Karim soaking up Kenya success
Asif Karim admitted on Tuesday his own extraordinary World Cup return against reigning champions Australia had stunned him.india Updated: Mar 18, 2003 20:05 IST
Kenya veteran Asif Karim admitted on Tuesday his own extraordinary World Cup return against reigning champions Australia had stunned him.
"I've been playing cricket for my country for 20 years," the 39-year-old left-arm spinner explained. "I came out of retirement for this World Cup and what's happened has been fantastic."
Kenya face India in a day-night semi-final here under at Kingsmead on Thursday.
Although they were beaten by five wickets against Australia in Saturday's 'dead' Super Six match at Kingsmead, Karim had remarkable figures of 8-6-2-3 at one stage.
"I'm just starting to come to terms with what happened," said Karim, an insurance broker, who retired from international cricket after the last World Cup in 1999.
"When you are playing against the world champions, to have a spell like that must be the envy of many others bowlers in the world that day."
Looking ahead, he admitted a Kenyan victory against India would be a huge upset.
"For us to win we'll have to play a few notches up and they'll have to play a few notches down," said Karim, who was Kenya's skipper when they first beat India in a one-day international at Gwalior in 1998.
"Our aim when we got here was just to get to the Super Six and maybe upset one Test nation."
Instead, the East Africans have beaten three - Bangladesh, Sri Lanka and Zimbabwe.
Karim said the rise of Kenya, the first non-Test playing nation to reach the last four of a World Cup, had transformed attitudes to cricket in a country where athletics and soccer have traditionally held sway.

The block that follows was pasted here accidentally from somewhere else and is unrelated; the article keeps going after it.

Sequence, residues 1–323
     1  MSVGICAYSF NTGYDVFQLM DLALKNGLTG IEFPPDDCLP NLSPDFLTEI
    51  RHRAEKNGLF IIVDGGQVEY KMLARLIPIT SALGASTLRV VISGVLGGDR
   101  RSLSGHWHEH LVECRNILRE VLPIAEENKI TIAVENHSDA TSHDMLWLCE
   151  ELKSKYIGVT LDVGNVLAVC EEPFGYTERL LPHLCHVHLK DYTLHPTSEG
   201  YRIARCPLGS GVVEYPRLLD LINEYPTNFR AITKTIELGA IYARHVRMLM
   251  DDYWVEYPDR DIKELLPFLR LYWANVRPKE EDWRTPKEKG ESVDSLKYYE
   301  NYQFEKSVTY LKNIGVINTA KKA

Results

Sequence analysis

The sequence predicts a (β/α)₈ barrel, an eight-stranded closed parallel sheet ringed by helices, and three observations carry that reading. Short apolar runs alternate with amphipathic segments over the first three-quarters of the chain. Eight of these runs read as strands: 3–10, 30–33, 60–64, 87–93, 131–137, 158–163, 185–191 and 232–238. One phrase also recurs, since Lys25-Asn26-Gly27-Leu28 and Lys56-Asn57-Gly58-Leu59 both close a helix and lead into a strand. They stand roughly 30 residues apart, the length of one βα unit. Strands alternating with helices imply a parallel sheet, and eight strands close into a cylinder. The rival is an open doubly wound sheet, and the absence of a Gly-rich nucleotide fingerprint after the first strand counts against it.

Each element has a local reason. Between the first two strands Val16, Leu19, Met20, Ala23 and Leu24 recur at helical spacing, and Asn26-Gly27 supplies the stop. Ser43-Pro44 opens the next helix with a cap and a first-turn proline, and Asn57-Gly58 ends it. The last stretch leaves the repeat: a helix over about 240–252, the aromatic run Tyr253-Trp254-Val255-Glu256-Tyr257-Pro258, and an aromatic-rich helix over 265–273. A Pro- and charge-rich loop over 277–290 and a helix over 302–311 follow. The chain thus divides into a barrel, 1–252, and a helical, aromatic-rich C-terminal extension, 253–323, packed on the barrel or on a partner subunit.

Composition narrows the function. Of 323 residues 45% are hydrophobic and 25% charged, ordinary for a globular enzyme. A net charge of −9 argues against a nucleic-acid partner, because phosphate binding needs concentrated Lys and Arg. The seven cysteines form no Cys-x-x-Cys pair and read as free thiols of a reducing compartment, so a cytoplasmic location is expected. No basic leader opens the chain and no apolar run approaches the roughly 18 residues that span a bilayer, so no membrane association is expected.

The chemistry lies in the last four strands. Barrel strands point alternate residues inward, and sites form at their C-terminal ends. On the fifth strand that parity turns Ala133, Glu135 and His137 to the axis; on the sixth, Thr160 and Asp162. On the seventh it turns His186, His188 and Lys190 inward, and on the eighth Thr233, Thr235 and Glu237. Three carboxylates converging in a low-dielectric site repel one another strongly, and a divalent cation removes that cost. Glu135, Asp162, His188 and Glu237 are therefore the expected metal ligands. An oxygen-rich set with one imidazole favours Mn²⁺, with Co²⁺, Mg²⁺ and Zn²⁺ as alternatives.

"What is amazing is that everybody in Kenya has got behind cricket. Before the World Cup there was only a small group of people who were interested. But now bus conductors, bus drivers, maids, street cleaners and office people are following the team.
"Everybody wants to know how the boys in green are getting on."
Kenya's advance to the semi-finals has been controversial with the team gaining maximum points for a win after New Zealand forfeited their February 21 group match in Nairobi on security grounds.
"The rules are not made by us," Karim insisted. "When the New Zealand game was forfeited it was not the ideal situation."
But Karim, who played one Davis Cup tennis match for Kenya against Egypt in 1988, is determined to look forward, not back.
"I don't think we'll realise what we're in for until we get on the field on Thursday. There'll be a full house, one billion people in India watching the match, everyone in Kenya and millions around the world.
"But when the Kenyan Cricket Association contacted me in January and said they wanted me for the variation in bowling and my experience I decided if I am called I must go and serve my country."